Improving Internal Communications

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businessmen talking on a homemade can phone

Like a lot of small businesses we started out small. And by small, I mean really small. My business partner and I both worked full-time for other companies and worked on our new venture in our spare time.

Eventually we both went full-time and over time we hired people and moved into an office.

When you only have a couple of staff communication internally isn’t really an issue. Everyone is in the same office space. If the company’s doing anything everyone is going to know about it.

Employee feedback isn’t an issue, communications work fine.

Fast forward 12 years and things are a bit different.

We now have around 40 staff and contractors working for us from several locations and countries. Even within our main office the staff are spread physically across two floors.

And as the staff numbers have grown the quality of internal communication has degraded.

I’ve been aware of this issue for some time, but we’ve been busy working on a lot of different things so it kind of got pushed to one side. But now we’ve decided to focus some energy and effort into fixing this. It’s a silly problem to have!

Internally staff work a lot from their email, depending on their team, but they also work a lot with our helpdesk software. For day to day communication we all use jabber. Quite a few of our staff are active on Twitter, but not all of them are. Facebook is used by a lot of them, but several have decided to stop using it or only use it sporadically.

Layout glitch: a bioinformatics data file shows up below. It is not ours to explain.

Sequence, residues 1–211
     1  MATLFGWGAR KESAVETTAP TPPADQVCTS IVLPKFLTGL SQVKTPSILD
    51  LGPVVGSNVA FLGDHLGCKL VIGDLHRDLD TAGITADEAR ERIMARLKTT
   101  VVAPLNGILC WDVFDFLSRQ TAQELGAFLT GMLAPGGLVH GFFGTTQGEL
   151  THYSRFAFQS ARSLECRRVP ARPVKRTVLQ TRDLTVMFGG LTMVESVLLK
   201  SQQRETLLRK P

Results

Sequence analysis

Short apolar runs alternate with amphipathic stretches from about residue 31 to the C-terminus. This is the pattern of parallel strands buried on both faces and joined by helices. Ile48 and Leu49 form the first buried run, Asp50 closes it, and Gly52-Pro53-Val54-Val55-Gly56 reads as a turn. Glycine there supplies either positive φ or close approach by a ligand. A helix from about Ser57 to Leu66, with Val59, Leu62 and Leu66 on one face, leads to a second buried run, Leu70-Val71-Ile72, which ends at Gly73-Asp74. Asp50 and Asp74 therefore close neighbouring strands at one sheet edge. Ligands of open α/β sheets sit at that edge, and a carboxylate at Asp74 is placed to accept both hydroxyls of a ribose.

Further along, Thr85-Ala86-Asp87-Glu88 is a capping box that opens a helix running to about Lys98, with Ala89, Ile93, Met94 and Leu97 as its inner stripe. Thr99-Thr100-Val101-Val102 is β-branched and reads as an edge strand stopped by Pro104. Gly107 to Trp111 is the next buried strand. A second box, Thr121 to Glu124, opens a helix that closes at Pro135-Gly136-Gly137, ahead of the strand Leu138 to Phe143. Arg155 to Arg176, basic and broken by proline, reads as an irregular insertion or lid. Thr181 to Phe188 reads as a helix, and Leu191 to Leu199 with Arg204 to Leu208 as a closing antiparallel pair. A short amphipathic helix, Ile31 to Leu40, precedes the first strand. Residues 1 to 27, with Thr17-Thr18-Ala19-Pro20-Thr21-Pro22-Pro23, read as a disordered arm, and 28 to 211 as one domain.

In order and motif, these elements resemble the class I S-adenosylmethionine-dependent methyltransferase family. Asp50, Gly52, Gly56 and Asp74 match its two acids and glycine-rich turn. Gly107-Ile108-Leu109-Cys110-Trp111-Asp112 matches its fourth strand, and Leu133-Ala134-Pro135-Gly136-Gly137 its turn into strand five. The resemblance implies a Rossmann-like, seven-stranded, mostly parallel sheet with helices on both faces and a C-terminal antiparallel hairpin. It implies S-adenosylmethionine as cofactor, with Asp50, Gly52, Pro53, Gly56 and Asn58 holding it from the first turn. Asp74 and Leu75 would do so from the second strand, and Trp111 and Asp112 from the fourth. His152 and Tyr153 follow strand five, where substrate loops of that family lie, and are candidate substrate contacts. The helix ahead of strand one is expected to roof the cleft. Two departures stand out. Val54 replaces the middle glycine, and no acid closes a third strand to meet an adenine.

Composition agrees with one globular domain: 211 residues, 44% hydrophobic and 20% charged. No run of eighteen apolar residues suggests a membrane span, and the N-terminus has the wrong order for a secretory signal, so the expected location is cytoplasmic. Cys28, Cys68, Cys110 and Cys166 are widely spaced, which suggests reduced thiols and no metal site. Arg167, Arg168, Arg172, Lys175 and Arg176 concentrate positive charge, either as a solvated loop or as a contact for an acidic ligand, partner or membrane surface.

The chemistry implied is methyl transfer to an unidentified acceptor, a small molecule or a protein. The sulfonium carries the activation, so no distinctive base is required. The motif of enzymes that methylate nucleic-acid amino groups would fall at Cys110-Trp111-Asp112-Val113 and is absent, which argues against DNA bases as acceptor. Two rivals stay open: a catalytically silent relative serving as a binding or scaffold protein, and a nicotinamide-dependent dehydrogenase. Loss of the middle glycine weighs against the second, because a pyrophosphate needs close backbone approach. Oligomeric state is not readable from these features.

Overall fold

So what is the best way to handle internal comms? I asked around …

From the feedback I got from a variety of people it seems that we aren’t alone. And how companies have tried to address the issues do vary quite a bit.

Some have opted for a weekly or monthly internal email newsletter. Others use Slack, Yammer or similar tools. A couple of companies use video blogs, while others send a PDF newsletter around.

A more “old school” approach being used by some companies is to print stuff out and post in places employees are likely to see it, including the bathrooms!

Emails seem to provoke mixed reactions, with some people saying that they love them, while others say nobody ever reads them.

Internally one of our staff suggested using SMS. Since everyone has a mobile phone this is a pretty good idea, though with only 160 characters you’re a bit limited!

So what are we going to do?

At the moment I’m not 100% sure, but I suspect we’re going to adopt a hybrid approach and combine a few different things. Maybe some things will work well and some won’t, but we need to try and see what happens.

We’re already using our company blogs to communicate with our clients, partners and prospects. So a lot of the information is already being shared. Of course we don’t put out on a public facing blog the kind of things that are very much “internal”. If we’re organising an event for staff or need to announce training or various other internal things we’re currently doing it via email. But we all get way too much email already!

I suspect this will be something we experiment with over the coming months.

Wish us luck!



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8 Responses to Improving Internal Communications

  1. Darragh 28th September 2015 at 11:46 am #